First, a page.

Saturday, April 14, 2007
If you are a Mac fan, you probably heard Apple announce this week that the release of Leopard, the next version of Mac OS X, is being delayed from June until October. Those of you who are Timeline customers may be wondering what this means for the next major release of Timeline ("T2").
The bad news:
T2 is heavily dependent on Leopard technologies at this point, so the release of T2 will also be delayed until October. For me, this means a financial hit. For you, this means you'll have to wait a few more months for features that many of you have requested and to see the cool new stuff that I'm cooking up for you.
The good news:
The more Leopard functionality that I build into T2, the more convinced I am that building it for Leopard was the right thing to do. T2 is going to be a huge leap forward for timeline software and I'm sure both Leopard and T2 will be worth the wait.
A few extra months of development time means that some features that I had slated for point releases will be able to be implemented by the T2 launch.
I've got a handful of important bugs that I've reported to Apple about Leopard that directly impact T2. If delaying the launch of Leopard helps Apple fix these bugs, T2 will directly benefit (so will other apps).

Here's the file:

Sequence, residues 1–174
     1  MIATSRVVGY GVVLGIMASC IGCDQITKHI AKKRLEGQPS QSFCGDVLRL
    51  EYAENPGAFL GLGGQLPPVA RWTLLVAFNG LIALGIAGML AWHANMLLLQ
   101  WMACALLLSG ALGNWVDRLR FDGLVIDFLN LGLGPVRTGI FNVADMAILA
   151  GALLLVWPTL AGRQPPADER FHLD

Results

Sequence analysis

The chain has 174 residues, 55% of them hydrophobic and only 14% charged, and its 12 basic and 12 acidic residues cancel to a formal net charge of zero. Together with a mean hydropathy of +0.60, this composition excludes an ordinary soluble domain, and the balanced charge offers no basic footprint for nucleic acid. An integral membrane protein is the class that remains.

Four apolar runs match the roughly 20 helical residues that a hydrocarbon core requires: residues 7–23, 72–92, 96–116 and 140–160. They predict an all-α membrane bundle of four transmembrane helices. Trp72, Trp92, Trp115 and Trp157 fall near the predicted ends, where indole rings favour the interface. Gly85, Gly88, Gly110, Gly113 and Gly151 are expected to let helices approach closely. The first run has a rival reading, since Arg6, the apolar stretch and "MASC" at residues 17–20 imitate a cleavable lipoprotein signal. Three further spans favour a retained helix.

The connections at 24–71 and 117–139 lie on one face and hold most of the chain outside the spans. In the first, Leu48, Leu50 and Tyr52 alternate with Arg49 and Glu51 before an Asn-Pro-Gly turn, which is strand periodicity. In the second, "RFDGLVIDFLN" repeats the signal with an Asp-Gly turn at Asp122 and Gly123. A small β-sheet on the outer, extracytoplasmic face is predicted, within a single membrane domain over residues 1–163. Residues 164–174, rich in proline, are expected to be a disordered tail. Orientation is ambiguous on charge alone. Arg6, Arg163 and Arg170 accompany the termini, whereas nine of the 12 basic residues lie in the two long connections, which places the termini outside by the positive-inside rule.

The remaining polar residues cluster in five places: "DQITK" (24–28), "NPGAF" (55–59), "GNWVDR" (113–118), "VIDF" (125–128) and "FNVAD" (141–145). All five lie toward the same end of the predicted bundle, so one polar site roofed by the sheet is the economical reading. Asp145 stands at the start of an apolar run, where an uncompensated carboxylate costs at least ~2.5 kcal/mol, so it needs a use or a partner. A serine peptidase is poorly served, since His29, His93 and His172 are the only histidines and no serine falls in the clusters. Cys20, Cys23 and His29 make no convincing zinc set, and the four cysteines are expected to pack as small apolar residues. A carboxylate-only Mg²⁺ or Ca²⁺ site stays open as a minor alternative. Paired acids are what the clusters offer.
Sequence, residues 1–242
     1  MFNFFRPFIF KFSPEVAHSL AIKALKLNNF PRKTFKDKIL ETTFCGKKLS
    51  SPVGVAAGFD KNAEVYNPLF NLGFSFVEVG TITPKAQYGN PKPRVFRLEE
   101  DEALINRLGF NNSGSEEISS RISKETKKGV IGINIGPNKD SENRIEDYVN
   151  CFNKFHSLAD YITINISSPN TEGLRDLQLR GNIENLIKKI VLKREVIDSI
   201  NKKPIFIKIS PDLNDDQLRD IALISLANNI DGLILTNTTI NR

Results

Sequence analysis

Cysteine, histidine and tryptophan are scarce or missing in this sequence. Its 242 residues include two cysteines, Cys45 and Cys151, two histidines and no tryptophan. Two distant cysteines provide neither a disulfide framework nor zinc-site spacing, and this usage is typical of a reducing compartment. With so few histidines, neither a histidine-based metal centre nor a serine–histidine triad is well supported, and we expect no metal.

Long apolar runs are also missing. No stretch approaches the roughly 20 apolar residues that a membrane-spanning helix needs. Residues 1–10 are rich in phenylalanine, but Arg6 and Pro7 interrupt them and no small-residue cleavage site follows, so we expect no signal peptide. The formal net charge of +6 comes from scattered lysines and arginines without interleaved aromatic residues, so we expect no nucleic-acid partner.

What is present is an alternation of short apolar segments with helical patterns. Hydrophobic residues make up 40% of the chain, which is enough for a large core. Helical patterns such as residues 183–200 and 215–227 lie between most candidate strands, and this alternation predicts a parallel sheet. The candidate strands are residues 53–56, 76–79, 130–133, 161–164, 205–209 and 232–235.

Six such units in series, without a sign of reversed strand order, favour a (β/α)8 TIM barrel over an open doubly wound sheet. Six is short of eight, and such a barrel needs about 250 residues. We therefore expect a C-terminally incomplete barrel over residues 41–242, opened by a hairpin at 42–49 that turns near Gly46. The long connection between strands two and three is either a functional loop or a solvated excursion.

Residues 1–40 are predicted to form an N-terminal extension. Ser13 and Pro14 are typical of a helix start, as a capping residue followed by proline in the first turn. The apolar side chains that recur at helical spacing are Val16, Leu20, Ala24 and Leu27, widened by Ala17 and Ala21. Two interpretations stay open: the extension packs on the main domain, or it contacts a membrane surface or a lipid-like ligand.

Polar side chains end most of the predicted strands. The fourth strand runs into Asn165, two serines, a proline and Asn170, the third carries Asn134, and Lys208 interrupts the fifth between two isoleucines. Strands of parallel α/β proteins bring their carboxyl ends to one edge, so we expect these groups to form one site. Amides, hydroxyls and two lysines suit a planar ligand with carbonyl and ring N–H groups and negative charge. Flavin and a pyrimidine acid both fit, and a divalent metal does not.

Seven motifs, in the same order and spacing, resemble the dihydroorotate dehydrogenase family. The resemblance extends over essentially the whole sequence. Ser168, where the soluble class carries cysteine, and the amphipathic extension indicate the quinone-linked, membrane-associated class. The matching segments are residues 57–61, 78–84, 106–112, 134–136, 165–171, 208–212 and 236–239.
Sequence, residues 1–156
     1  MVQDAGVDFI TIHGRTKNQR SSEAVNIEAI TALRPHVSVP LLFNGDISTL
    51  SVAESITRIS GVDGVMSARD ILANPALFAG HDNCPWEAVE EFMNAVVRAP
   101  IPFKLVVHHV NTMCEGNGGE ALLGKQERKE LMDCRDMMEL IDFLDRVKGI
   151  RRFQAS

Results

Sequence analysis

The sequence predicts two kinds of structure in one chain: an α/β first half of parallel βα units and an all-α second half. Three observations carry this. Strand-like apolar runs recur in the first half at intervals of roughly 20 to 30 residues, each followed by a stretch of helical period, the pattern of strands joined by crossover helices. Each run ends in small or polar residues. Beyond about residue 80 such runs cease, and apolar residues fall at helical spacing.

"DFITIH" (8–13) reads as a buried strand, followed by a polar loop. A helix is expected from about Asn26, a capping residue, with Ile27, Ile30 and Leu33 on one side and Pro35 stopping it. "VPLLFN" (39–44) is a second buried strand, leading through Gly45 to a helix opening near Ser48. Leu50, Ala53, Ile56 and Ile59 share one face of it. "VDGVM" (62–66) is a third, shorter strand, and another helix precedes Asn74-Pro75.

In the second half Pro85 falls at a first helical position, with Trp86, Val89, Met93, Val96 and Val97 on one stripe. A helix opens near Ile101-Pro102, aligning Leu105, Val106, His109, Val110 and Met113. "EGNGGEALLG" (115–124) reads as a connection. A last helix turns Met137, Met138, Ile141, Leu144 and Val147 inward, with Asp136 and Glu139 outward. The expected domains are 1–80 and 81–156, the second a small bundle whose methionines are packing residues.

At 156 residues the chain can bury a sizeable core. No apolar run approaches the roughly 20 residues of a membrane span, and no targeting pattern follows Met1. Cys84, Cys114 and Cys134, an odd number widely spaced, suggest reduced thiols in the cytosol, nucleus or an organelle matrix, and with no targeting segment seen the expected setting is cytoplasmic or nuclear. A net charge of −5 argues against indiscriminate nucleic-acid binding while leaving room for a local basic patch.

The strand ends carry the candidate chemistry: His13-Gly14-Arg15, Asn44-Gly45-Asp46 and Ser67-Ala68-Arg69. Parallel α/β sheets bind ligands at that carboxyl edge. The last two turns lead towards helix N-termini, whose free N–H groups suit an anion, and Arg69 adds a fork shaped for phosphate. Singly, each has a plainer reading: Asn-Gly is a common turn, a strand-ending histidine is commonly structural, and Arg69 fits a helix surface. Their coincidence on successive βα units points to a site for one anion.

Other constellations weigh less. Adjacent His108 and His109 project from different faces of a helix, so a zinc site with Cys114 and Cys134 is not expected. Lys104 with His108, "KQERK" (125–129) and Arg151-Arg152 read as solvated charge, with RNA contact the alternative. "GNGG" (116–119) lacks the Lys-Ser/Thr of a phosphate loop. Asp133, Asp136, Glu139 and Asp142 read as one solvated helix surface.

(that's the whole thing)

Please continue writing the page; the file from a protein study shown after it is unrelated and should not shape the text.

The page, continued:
T2 will be a free upgrade to existing customers, so you don't feel like you need to wait until October to purchase Timeline software. If you need to make timelines, go ahead and purchase the existing version which is still great and when T2 and Leopard are ready, you'll be the first to know.
If the iPhone (which is blamed for the Leopard delay) brings more people to the Mac platform, this will be great news for all companies that depend on the Mac, including my own, which would make up for the delay in Leopard.
My biggest fear is that the delay may be a sign that Apple is losing focus on the Mac. But, it is way too early to be able to make any conclusions about whether or not this is happening...
WWDC will be very interesting to watch. If Steve Jobs amazed us with new Leopard features and some insanely great Mac hardware, and if Apple doesn't make a habit of delays like this, then all will be well and I'll just chalk it up to growing pains.
How does the Leopard delay affect you and your business?